They were bent on picking a fight with the Jain community. It's a matter of fact that they have previously indulged in a similar sort of hooliganism by attacking north and south Indians as well as Muslims. Sena and MNS's response to the meat ban controversy was condemnable as it exemplified verbal violence against a religious group which constitutes only 0.4 per cent of the country's population.

Thereafter, in October, it was the turn of Baha'i Faith people to be targeted. The Wire reported, "The 20,000 strong Baha'i community of Rajasthan is visibly in fear ever since the Jaipur burial ground - the only one they have in the state - was violently attacked and vandalised by a vigilante group allegedly led by the local BJP leader and sarpanch on October 30."

The report added that "the group of 50-60 miscreants not only beat up the chowkidar but broke parts of the under construction prayer hall."

The incident took place in Ram-ji-ki-Nangal village, located on the outskirts of Jaipur. Representatives from the Baha'i community alleged that BJP leader and village sarpanch Nathu Jangid ran an electoral campaign promising to demolish the Baha'i burial ground.

The sarpanch intends to replace the burial ground with a playground and maintains that the land for the burial ground was illegally allotted to the Baha'is.

Now we are all well aware of the history of the Bharatiya Janata Party. How can we forget the manner in which the entire Sangh Parivar machinery converged at Ayodhya? They gathered at Ayodhya only to supposedly lose control of the situation which resulted in the demolition of the Babri Mosque.

Nathu Jangid is after all a member of the BJP and it shouldn't be a surprise to anyone that he wishes to make a playground at a spot which happens to be the only burial ground for Baha'is in Rajasthan. One can expect this dispute to snowball as it would serve as an innovative experiment of Hindutva riot scientists in their quest for new enemies.

Finally in December the attention turned towards homosexuals. In 2009, Delhi High Court had decriminalised homosexuality by holding Section 377 of the Indian Penal Code as unconstitutional. But the Supreme Court overturned the Delhi HC judgement in 2013 and put the onus of decriminalising homosexuality on Parliament. So how did the government and parliament respond to the same?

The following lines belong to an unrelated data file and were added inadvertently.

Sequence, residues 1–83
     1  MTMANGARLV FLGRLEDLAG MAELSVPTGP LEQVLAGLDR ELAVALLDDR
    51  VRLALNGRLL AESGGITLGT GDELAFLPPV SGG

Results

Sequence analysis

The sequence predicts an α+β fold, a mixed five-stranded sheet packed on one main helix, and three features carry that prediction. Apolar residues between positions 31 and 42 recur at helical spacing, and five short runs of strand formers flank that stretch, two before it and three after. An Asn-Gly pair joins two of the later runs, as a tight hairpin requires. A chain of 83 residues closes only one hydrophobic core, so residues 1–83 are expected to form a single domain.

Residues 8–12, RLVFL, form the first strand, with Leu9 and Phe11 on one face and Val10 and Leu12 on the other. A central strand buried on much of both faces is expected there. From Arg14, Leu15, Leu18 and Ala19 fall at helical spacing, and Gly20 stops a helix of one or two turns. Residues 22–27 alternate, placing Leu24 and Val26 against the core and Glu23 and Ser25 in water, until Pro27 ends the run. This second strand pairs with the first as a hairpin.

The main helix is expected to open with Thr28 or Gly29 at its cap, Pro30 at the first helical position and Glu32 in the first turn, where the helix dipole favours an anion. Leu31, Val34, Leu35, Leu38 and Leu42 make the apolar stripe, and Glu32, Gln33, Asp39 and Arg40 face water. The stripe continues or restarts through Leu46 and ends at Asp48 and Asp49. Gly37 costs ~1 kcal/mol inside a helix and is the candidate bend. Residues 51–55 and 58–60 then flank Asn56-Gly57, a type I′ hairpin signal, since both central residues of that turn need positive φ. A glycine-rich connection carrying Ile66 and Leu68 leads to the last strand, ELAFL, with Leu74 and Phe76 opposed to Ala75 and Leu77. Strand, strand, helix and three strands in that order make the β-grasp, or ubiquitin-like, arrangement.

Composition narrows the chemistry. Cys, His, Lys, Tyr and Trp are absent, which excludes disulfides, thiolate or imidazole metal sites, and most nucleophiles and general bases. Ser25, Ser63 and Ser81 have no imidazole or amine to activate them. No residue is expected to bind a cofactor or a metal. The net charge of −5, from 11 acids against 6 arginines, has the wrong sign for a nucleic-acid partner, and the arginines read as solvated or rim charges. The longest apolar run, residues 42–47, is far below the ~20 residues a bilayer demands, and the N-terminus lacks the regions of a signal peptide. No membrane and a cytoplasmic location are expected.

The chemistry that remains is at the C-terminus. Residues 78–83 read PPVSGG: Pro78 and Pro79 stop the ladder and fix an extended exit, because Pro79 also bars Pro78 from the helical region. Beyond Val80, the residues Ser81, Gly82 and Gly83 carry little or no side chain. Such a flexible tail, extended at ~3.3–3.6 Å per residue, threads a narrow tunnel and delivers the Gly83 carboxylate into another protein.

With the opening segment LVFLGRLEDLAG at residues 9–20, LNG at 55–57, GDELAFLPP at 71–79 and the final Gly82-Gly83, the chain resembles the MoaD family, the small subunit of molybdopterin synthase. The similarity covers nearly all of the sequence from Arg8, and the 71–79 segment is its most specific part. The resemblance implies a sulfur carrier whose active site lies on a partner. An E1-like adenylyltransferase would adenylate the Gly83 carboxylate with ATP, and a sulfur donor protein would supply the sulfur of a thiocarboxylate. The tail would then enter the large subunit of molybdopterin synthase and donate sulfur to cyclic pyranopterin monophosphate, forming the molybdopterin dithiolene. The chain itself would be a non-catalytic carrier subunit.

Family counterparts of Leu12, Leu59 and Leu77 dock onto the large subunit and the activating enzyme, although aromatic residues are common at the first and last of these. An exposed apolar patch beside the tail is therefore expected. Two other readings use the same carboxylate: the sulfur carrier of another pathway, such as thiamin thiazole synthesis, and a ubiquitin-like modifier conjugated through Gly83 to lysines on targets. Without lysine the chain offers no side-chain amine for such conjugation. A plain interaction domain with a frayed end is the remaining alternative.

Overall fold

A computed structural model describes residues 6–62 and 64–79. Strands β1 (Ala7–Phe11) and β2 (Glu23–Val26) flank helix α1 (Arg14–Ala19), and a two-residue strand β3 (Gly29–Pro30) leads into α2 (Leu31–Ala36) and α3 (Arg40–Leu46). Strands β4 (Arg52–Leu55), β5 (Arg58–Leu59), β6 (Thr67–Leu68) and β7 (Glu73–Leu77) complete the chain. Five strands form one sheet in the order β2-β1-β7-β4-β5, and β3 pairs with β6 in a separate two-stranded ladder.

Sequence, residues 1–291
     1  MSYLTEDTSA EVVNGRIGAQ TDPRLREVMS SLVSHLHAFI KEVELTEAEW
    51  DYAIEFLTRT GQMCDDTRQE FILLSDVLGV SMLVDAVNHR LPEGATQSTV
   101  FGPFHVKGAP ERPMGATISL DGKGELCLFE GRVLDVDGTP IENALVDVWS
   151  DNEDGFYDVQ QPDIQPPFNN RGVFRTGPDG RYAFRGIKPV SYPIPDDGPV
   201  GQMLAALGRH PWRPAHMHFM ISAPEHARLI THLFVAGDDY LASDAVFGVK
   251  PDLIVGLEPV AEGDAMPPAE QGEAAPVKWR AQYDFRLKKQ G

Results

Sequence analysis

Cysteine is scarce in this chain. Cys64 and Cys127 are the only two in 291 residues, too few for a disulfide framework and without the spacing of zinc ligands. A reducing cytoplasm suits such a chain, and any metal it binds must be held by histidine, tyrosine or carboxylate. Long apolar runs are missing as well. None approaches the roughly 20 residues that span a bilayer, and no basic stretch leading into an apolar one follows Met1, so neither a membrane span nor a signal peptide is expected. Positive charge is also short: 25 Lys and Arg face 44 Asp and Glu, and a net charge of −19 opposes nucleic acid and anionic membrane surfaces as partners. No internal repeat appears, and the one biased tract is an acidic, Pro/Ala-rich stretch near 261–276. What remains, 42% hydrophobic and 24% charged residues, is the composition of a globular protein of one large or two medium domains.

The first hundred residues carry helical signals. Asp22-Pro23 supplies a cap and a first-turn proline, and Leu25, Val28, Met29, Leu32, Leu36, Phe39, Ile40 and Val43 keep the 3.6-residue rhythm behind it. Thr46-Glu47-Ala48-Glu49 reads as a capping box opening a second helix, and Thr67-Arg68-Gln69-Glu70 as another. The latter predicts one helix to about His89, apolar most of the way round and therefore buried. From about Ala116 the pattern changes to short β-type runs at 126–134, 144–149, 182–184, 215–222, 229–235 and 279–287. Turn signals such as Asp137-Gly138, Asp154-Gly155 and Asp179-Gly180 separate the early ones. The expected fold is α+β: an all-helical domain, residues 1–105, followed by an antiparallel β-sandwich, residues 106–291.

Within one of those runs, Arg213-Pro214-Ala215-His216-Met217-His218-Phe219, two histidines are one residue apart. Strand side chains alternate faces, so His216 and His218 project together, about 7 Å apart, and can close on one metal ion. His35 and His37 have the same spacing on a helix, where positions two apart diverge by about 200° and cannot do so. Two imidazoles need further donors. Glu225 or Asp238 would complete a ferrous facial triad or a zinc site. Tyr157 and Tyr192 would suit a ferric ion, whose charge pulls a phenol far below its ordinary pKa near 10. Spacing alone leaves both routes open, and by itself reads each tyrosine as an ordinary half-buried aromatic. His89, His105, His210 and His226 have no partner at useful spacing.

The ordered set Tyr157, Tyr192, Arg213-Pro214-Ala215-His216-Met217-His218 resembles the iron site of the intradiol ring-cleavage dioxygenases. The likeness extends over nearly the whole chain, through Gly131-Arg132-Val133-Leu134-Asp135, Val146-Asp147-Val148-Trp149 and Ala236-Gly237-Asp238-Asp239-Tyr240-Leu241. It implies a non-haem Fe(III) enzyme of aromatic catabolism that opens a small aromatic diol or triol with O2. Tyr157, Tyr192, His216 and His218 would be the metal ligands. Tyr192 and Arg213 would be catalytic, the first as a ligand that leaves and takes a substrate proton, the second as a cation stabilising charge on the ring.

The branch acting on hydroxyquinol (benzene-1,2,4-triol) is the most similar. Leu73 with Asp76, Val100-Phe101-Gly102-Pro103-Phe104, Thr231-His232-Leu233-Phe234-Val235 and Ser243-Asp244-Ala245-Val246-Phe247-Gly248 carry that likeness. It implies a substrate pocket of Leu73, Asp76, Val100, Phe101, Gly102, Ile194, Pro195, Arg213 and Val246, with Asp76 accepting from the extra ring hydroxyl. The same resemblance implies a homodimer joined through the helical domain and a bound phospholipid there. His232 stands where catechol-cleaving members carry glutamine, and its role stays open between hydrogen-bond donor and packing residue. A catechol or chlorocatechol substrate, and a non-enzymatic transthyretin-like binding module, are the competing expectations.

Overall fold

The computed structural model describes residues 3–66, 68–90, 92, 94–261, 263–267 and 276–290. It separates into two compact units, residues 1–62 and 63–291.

The incumbent government did not seem to have a unanimous view on the subject. Even before coming to power, then BJP President and now Union Home Minister Rajnath Singh said in December 2013 that "gay sex is not natural and we cannot support something which is not natural."

But when Finance Minister Arun Jaitley was recently asked to comment on the SC judgement on homosexuality, he said, "Jurisprudence world over is evolving, I think the judgement is not correct and, probably at some stage, they may have to reconsider."

Eventually Parliament had the last laugh on the subject during the winter session. Shashi Tharoor's private member's bill seeking to decriminalise homosexuality was smoothly defeated in the Lok Sabha thereby officially turning Indian Parliament into a homophobic one.

Unfortunately, India's history is scarred with communal incidents since its inception. In the first decade of the 21st century we saw violence against Muslims and Christians in Gujarat and Odisha, respectively. In the 1980s and 90s, we saw how Hindu minority in Punjab and Kashmir was bullied, harassed and murdered by Khalistani and Islamist terrorists. We also saw widespread looting and killing of Sikhs during the 1984 Sikhs riots.

But we never saw political parties or individuals associated with them openly target religious micro-minorities like Jains and Baha'is and vote against the rights of sexual minorities in Parliament at a time when the world is realising the need for granting them equality. It all happened in 2015 and that's why 2015 was incredibly intolerant for the micro-minorities of India.

Last updated: January 02, 2016 | 23:16